feature By: Jason Books | July, 18
Crawling between stands of sagebrush while weaving around patches of dried and noisy ceanothus (lilac), I made my way toward a saddle between two hills. Far below were a pair of mule deer bucks, both larger than any others I had ever seen during hunting season. Now I was trying to close the gap, and it was as if I could already see myself wrapping my notched tag around one of those wide and tall antlers. While making my way around the last sage, however, I came to another area of “buck brush.” The ceanothus patch was large, and after a hot and dry summer, the fall rains had not reconstituted the leaves enough to keep them from crackling as I pushed through. Knowing I couldn’t get any closer, my backpack was used as a rest to take the long shot.
Mule deer are tough animals to hunt in the alpine backcountry or in foothills covered with Douglas fir, aspen and ponderosa pine, but the most challenging environment to hunt them in is the wide-open plains and sage-covered rolling hills. Mule deer live in a very large range from the southern portions of the Yukon all the way to Sonora, Mexico, and from the Cascades and Sierra Nevadas on the west far into the Great Plains to the east. As such, these large-bodied and wide-antlered deer can be hunted in a variety of conditions and landscapes. Most mule deer hunters also know that high-mountain bucks often sport thick, tall antlers while those that have adapted to open country often sport wide, thin antlers. Some of the widest antlers on mule deer bucks are found south of the border in Mexico.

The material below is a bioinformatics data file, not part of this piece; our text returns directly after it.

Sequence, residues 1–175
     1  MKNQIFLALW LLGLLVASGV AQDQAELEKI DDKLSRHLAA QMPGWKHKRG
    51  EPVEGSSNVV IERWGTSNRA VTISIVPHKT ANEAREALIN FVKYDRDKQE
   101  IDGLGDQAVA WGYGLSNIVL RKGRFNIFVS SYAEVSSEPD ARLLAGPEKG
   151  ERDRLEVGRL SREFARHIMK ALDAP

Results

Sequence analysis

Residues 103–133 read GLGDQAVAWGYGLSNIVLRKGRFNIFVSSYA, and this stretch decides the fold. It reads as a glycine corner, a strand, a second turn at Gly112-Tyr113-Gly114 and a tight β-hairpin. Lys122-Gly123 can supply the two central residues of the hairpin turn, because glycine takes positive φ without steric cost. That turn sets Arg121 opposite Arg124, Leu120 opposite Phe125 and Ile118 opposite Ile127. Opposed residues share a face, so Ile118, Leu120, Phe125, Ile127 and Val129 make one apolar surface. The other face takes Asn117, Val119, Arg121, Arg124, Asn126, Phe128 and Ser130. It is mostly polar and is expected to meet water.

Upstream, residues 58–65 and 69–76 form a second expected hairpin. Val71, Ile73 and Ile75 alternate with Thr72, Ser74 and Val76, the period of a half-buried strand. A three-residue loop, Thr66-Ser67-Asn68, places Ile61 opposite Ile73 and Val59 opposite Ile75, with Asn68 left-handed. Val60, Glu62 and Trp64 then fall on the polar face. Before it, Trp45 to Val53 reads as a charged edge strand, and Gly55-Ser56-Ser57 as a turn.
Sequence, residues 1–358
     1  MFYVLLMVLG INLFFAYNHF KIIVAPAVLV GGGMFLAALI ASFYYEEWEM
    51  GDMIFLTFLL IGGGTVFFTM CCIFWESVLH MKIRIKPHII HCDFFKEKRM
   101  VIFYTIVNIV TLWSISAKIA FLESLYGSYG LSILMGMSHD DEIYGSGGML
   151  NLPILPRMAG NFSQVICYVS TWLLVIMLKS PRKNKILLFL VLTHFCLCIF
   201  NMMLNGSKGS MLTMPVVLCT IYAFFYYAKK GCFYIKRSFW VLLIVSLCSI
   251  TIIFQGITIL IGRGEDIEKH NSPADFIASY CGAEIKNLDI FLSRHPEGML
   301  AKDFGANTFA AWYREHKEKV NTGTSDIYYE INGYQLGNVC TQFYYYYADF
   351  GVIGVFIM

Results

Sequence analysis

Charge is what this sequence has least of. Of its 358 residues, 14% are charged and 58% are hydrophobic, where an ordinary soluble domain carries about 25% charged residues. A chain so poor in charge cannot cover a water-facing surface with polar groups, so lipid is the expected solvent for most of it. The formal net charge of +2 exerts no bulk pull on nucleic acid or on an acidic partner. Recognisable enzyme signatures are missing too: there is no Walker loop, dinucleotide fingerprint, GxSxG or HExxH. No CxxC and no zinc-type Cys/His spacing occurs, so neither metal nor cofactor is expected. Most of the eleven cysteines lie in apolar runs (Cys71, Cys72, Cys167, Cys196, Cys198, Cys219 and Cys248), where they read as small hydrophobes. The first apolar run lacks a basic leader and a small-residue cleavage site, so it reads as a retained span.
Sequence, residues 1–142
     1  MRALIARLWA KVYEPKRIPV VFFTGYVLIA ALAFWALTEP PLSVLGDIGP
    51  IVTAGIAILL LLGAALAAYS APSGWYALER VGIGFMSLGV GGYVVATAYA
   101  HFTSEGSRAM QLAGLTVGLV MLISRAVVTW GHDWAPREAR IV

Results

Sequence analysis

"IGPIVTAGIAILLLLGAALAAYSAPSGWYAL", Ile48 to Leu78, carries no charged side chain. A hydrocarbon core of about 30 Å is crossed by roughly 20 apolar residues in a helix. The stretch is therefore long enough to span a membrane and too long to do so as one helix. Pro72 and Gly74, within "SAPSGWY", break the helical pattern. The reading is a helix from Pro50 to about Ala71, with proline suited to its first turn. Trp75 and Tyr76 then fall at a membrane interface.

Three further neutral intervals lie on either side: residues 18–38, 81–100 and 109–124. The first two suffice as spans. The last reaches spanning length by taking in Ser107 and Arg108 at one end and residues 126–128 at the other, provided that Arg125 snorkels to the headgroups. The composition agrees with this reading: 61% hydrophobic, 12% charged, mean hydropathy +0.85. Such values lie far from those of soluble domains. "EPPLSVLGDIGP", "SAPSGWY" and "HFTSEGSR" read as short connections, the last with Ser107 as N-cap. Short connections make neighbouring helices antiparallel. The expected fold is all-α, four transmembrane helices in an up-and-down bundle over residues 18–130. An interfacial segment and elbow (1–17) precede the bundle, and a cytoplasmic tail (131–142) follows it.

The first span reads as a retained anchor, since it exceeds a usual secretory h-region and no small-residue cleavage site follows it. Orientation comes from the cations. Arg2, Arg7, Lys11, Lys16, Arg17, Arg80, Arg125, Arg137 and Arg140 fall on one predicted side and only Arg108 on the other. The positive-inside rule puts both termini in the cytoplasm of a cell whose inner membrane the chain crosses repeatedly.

The plains to the east in North and South Dakota, Kansas, Nebraska – and West Texas – offer good hunting. Traditional mule deer states such as Colorado, Utah, Wyoming, Idaho and Montana offer both high-country and open-country hunting opportunities. California, Oregon and Washington also offer mule deer hunts and some large bucks – some in the high country and others in deserts where cactus can cause a few sore knees. Because the deer are mostly a migratory animal, some of the best hunts occur late in fall and early winter when they have moved out of the high country and down into the vast, open lowlands. Some mule deer stay behind and become “localized,” living their entire lives in the arid sage and rolling grass country.
Several years ago, when I was living in southern Idaho, a friend who grew up in Texas but was living in Idaho wanted to go deer hunting. He had never seen a mule deer before but hunted South Texas whitetails as a kid. Mid-October temperatures in southern Idaho can range from near freezing in the morning to t-shirt weather by midafternoon. That fall had been dry and hot, so for opening day it was decided we would hike up to a ridgeline and look over vast, sage-covered hills that led up and out of the south fork of the Boise River. We spotted groups of deer but no bucks that were worth going after. By lunchtime the desert was hot, and we were thirsty. Taking a break back at the truck I looked over a hillside and noticed a small green aspen tree surrounded by grass. It was a natural spring and was well up the mountain near the top of the ridgeline. Mule deer like to be perched above any possible threats, and since the afternoon thermals were blowing steadily uphill, I figured any deer that would have used that spring in the early morning might be bedded nearby.